We know that there is little interest in marine safety beyond the publicity and political benefits that might accrue.

The reason why American ships can (or could) keep working so long after the ships of the rest of the industrial nations (of which we are quickly fading from membership) are melted into rebar is because American sailors take great pride in having the talent to keep anything running. The same attitude and skills that created the “hot rod” culture of the '50s was reflected in the workshop skills of mariners. At least it was until mariners became nothing more than an expense to be reduced by modern managers whose only knowledge of a ship is probably seeing a model in the company boardroom.

When shipping out became an exercise in fighting chronic fatigue and frustration the quality and skills of mariners decreased. There was little if any pride in “their” ship. The money got better but only because there was no longer any other reason for a skilled technician to sail. Speaking personally, it was increasingly difficult to justify wishing away half my life, waiting for a relief.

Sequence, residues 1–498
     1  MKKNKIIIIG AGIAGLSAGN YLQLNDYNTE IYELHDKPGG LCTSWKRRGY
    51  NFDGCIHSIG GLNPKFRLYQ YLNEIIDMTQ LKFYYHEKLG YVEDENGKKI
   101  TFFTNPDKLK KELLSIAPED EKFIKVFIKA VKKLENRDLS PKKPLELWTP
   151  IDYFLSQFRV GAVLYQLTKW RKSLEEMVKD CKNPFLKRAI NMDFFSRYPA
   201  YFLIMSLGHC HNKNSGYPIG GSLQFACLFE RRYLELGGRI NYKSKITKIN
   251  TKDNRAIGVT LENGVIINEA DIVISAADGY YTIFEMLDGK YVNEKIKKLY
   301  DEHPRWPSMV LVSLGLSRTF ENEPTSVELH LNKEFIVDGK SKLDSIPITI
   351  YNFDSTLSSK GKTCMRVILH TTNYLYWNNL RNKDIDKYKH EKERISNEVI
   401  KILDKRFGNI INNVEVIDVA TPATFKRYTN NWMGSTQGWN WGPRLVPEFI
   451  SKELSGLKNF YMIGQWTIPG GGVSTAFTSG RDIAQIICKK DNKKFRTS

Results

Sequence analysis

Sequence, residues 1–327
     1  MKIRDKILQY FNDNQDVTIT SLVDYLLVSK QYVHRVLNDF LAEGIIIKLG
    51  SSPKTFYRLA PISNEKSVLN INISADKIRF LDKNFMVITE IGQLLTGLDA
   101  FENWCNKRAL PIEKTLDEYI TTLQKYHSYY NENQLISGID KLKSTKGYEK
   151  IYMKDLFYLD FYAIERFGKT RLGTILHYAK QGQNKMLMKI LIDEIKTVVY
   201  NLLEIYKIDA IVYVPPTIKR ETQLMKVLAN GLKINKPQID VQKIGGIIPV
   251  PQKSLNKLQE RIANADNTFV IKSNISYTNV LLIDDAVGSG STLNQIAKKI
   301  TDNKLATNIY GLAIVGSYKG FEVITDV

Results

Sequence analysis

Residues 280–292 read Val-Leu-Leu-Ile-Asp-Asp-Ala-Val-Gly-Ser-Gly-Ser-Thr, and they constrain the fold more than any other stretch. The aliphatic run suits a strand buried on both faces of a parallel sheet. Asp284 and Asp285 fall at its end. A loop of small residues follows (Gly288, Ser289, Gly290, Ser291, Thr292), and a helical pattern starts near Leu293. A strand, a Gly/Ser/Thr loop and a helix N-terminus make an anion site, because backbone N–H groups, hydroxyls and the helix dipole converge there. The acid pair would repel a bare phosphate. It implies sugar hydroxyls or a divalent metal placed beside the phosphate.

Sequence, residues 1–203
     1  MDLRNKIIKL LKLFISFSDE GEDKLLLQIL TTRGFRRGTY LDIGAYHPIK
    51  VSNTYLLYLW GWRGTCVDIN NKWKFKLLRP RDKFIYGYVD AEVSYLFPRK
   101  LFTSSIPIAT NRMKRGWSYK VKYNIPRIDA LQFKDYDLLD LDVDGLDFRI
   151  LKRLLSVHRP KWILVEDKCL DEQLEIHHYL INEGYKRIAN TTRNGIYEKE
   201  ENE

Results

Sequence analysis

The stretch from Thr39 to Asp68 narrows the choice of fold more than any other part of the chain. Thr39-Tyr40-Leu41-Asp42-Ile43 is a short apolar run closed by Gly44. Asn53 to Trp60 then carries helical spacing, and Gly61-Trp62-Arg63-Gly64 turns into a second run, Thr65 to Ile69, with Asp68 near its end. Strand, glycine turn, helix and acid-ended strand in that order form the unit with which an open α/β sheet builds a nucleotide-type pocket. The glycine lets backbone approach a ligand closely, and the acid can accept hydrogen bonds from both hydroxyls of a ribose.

With the insane reductions in crew sizes and the incredible disregard for fatigue studies conducted since WW2, it is little wonder why old ships are becoming rustbuckets. The owners are cashing out, the CG doesn’t care (even if they had anyone who knew how a ship works)and Class is more interested in market share. When we have politicians like Traitor McCain working overtime to gut the American merchant marine and a Congress that would rather support foreign shipowners than our own, and MarAd only recognized the American merchant marine as justification to fund a school that should have gone the way of the liberty ship it was founded to man, it should not surprise anyone that our shrinking fleet is “old.”